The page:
Thursday, October 21st, 2021

Shouse – Love Tonight

Not our favourite example of this sgenre..


Andrew Karpan: What if all I needed was your love tonight — a suggestion that David Guetta elevates to the center of a four year-old Australian dance record, supercharging its hollow chanting to illuminate a summer of dancing worriedly. With a kind of crass knowing, the French DJ throws out the intricate horns and whistles, the ominous atmosphere, and most of Shouse’s effort at delivering us the perplexing, self-aware “Blue Monday” that we might have deserved all those years ago. It is no doubt interesting that the duo had contemplated the track initially as an ironic send-up of “those insane 80s celebrity Bandaid/We are the World spectaculars,” an element that comes complete with a chorus of random Melbourne dance scenesters whose frozen voices now hang like big party balloons over a festival of love they could never imagine.

Oliver Maier: The inexplicable glut of remixes this thing has received vary dramatically in quality (for my money the Guetta is the most worthwhile), but it’s not hard to see why it failed to make waves on its own. A pitiful baby’s-first-drum-machine loop and sloppy little woodwind flourishes suggest Shouse heard someone else doing it and were like “write that down.” The motley crew of Melbourne musicians on vocals sound bad cosplaying house divas and worse when they blend into the chorus. There is appreciation and understanding of dance music here, but I don’t hear love.

Edward Okulicz: This song has been kicking around for a few years, but you can see how in 2021 a series of punchier remixes might fit the zeitgeist. The choir of voices over house music is an interesting trick, although it’s not especially well executed. The song should fly at the chorus, should bring the listener into a feeling of rapturous togetherness on the dancefloor, but instead it’s emotionless and flat. The verses reach for loftier emotional heights and do better as you can hear something in the solos, but everyone here is shown up by a saxophone.

Tim de Reuse: Big, feathery clouds of vocals over a winding, resonant bass loop; it ain’t much, but it knows exactly what it wants to be, and there are enough layers in those “oohs” to slip into the vibe for four minutes. Once you’ve got that core dopamine circuit, what else do you do? Prepend some sax solos off in the distance and a relay race of solo parts for a dangling little appendix of a verse? There are worse ways to frame a near-perfect four-measure hook, but the attempt at providing a pop structure underneath it all feels like it’s provided out of obligation.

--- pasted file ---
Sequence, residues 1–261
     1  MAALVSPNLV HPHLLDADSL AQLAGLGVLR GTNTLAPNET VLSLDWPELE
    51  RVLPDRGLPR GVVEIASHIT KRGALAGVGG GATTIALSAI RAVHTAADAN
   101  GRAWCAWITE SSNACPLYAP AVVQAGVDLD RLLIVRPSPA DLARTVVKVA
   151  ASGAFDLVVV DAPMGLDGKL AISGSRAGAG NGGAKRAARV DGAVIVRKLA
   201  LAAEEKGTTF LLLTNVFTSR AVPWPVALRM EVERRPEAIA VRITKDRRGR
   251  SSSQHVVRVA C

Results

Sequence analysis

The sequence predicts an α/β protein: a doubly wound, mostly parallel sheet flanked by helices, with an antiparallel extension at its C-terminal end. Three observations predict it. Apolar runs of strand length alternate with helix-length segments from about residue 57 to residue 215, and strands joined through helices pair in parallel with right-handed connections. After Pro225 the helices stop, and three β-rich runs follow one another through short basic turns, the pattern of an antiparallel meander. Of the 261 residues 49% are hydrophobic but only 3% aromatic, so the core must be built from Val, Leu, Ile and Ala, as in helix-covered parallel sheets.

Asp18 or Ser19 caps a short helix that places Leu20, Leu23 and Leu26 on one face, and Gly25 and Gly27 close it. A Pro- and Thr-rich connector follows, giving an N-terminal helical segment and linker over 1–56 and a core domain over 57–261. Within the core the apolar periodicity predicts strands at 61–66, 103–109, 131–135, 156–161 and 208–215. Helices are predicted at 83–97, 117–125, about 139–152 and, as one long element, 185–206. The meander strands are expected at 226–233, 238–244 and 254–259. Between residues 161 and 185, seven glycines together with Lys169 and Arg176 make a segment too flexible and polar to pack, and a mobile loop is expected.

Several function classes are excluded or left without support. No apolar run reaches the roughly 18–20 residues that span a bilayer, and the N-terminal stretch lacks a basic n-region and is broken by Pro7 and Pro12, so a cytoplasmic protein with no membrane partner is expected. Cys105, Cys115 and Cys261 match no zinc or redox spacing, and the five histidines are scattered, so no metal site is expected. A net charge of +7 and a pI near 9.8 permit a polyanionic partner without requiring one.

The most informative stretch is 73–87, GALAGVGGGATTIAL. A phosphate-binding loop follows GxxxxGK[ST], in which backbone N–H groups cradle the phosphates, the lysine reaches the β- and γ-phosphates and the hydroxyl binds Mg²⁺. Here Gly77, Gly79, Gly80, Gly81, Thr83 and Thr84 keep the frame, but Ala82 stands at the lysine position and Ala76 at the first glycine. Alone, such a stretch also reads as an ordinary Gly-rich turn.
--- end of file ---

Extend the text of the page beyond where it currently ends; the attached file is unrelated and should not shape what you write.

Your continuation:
Katherine St Asaph: Has that half-assed Walserian charm, then that half-assed quotidian beat.

Nortey Dowuona: I’ve heard this every day I’ve worked this year. It has been both eerie and fantastic every time. There’s a very frightening horror movie that should use this in a club scene.

Scott Mildenhall: Unlike too many of the charity ensembles from which they’ve taken inspiration, Shouse’s Melbourne collective sound thoroughly like a collective. There’s a warmth to “Love Tonight” that probably does come from its performers singing from the same hymn sheet. Indeed, their woozy chorus, paired with the woozy gloomwobble, makes for something faintly mystical. From where did this love cult spring, and where are they going? The answer: “oooooooooooo.”

Leah Isobel: The harmonies are a nice idea — the plurality of the dancefloor, literalized — and they sound pretty, but it feels like Shouse didn’t know what to do with the multiple-vocalists conceit outside of the chorus. Having individual vocalists trade off lines can work in a group that’s designed around it, but it’s clear in the verses that these singers aren’t usually put together. They’re all competing with each other to build and emote in a small space. That dynamic keeps the song from feeling too personal or vulnerable, which in turn limits its power. One of the joys of dance music is that the connection it proposes can be taken in any number of directions: sexual, romantic, platonic, religious, utopian. “Love Tonight” only really aims for the latter. It strains so hard to be universal that it reduces its scope.

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